Coun. Dan Boyd questioned the allottment of funds after a request from Whitehorse city staff to reallocate funds for the Robert Service Campground. (Crystal Schick/Yukon News)

Whitehorse council squabbles over Robert Service Campground repairs

‘Is it going to be Disneyland or something?’

A request by Whitehorse city staff to reallocate funds for the Robert Service Campground ignited some debate among council members at the Dec. 4 standing committees meeting.

Council had allotted $125,000 in the 2017 capital budget for repairs to infrastructure at the campground. “Basic repairs” were completed to “ensure operation of the campground washrooms for the 2017 operating season” for $35,000, said Doug Hnatiuk, manager of parks and community development for the city. However, the remainder of the money remains unspent.

“The city recognizes the importance of the Robert Service Campground,” Hnatiuk said. “Given the current state of the existing washroom and office facility, the city proposes significant renovations and facility construction to improve the appearance and functionality of the campground. Consideration is being given to all suitable operational needs of a high profile municipal campground, including the overnight camping opportunities and provisions for enhanced day use.”

Staff would like the city to change the scope of the project so that they can use part of the remaining $90,000 to hire a consultant to do a concept design for a new campground facility. Remaining funds would be used for infrastructure development, said Hnatiuk.

Not everyone was pleased with the idea.

“We’re spending 90 grand on a campground? What … is it going to be Disneyland or something?” asked Coun. Rob Fendrick.

“When I first read this, it really bothered me,” said Coun. Betty Irwin. “We had $90,000 for a few people to pick up hammers and saws to (fix thing up) and now I see ‘Oh, we’re going to hire a consultant?’ Why not use that money to do the actual work?”

Mayor Dan Curtis took issue with Irwin’s statement, however.

“It does have serious infrastructure concerns,” said Curtis. “We’re trying to make it safe and accessible to the public… The infrastructure has deteriorated.”

“It’s more than taking hammers and shovels to fix this.”

Coun. Dan Boyd said he wanted to know how much it would cost for the consultant.

“I think we need to be a little bit clearer about what we’re doing here,” he said.

Hnatiuk said that was unknown, because nothing has gone to tender, but he guessed it would be between $30,000 and $40,000.

“I’m of the mind that we should give you $30,000 then and rebudget the remainder,” Boyd said.

Director of development services Mike Gau said that was not practical, because if a consultant cost more than $30,000 they just would have to come back to ask for more. Additionally, he said, a precise amount of money was not what council was being asked to vote on. The question before council was whether or not to change the scope of the project so that the unused money — which was already allocated for the campground — could be redistributed for this purpose.

Coun. Jocelyn Curteanu agreed with staff and said that the money had already been budgeted for the campground so it wasn’t as if “they were having to go looking for it.”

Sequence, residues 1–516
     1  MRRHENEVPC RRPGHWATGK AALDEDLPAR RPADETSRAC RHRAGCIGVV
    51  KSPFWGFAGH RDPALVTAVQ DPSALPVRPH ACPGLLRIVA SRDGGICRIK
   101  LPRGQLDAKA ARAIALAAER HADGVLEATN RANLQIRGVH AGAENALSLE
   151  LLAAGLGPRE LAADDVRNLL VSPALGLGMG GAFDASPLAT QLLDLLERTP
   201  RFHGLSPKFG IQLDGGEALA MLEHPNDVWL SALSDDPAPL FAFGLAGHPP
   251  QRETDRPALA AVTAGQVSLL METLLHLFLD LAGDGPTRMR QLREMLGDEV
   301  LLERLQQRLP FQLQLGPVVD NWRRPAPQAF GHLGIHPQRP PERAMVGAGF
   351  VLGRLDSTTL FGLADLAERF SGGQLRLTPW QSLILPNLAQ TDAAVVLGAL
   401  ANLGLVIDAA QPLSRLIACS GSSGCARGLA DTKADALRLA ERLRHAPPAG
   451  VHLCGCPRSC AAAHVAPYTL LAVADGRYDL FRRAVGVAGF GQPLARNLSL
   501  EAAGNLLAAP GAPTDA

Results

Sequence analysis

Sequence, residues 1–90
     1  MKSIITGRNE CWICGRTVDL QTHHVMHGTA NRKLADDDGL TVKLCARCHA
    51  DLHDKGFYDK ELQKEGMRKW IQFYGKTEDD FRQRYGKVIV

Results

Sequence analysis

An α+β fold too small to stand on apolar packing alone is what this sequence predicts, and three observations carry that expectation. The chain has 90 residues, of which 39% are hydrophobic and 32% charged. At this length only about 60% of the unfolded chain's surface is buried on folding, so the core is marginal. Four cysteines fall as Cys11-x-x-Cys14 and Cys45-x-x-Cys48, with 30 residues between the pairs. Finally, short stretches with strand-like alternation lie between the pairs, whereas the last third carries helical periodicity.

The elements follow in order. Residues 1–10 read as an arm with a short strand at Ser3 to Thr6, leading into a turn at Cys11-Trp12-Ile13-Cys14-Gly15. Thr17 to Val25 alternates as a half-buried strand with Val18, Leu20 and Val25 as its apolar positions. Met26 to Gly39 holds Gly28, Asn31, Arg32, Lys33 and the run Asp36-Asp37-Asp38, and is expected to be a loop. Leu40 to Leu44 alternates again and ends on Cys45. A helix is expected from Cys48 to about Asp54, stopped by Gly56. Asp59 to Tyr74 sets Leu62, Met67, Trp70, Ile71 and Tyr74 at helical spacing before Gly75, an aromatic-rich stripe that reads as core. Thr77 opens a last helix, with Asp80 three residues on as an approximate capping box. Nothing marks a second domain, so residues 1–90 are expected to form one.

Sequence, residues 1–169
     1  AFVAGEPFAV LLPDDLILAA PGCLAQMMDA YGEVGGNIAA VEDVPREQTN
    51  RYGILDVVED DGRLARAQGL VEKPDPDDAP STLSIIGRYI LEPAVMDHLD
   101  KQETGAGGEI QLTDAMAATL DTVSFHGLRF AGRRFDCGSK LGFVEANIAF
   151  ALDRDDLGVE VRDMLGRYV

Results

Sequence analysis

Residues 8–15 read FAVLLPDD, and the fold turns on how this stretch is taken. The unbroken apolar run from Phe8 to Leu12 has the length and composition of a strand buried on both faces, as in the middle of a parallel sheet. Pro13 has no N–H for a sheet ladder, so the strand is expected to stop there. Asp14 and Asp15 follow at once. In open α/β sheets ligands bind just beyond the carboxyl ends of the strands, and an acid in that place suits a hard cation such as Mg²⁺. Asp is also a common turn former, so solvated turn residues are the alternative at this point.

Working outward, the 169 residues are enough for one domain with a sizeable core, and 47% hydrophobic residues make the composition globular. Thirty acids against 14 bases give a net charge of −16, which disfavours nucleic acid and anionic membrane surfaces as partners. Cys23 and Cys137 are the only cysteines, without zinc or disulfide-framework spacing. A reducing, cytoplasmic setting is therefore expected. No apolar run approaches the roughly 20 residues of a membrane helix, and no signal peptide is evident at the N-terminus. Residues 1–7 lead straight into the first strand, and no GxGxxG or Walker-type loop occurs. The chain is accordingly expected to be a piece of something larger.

“I trust (that the staff) are not going to spend a penny more than they need to (for the consultant),” she said.

Curteanu called the campground “a gem in the city that just needs shining up.”

The campground is privately run, but the actual land and infrastructure is city-owned. The lease for that property expires Dec. 31, 2017, said city spokesperson Myles Dolphin.

Contact Lori Fox at lori.fox@yukon-news.com

CORRECTION: This story originally gave an incorrect date for the expiry of the campground lease. The lease expires Dec. 31, 2017.

Just Posted

Yukon government starts talking electoral reform

Yukon government launches survey to find out what Yukoners think about electoral reform

Climate change isn’t a one-issue issue for council candidate

Considering climate change can address other municipal concerns, says Kim Lisgo

Yukon MLAs consider a bigger payday

New bill proposes salary increase for some members of the legislative assembly

Curtis campaigns for third term

Collaboration is key, he says

Commentary: Consider the city’s bears when going to mark your ballot

Those in the municipal election should commit to developing a human-bear conflict management plan

Yukon soccer teams represent at Canada Soccer National Championships U15 Cup

“Everybody brought their game to a totally new level and set a (new) bar”

Commentary: Celebrating Hanksgiving

Instead of a cornucopia centrepiece filled with autumn foods and flora, we use the Wilson volleyball

U Kon Echelon holds weekend mountain bike racing camp in Whitehorse

“It’s incredible the changes I’m seeing from when we started in September to now”

Liberals to scope out ‘efficiencies’ in departments

The premier was asked about ostensible reductions to department budgets at question period

You and your new car warranty

There are some things that may put your new vehicle or extended warranty at risk

Whitecaps, TSE partner for new youth soccer academy centre program

“They’re building on that relationship”

History Hunter: A tribute to the Palace Grand Theatre

It was the best designed and most pretentious of all the theatres in Dawson City

Most Read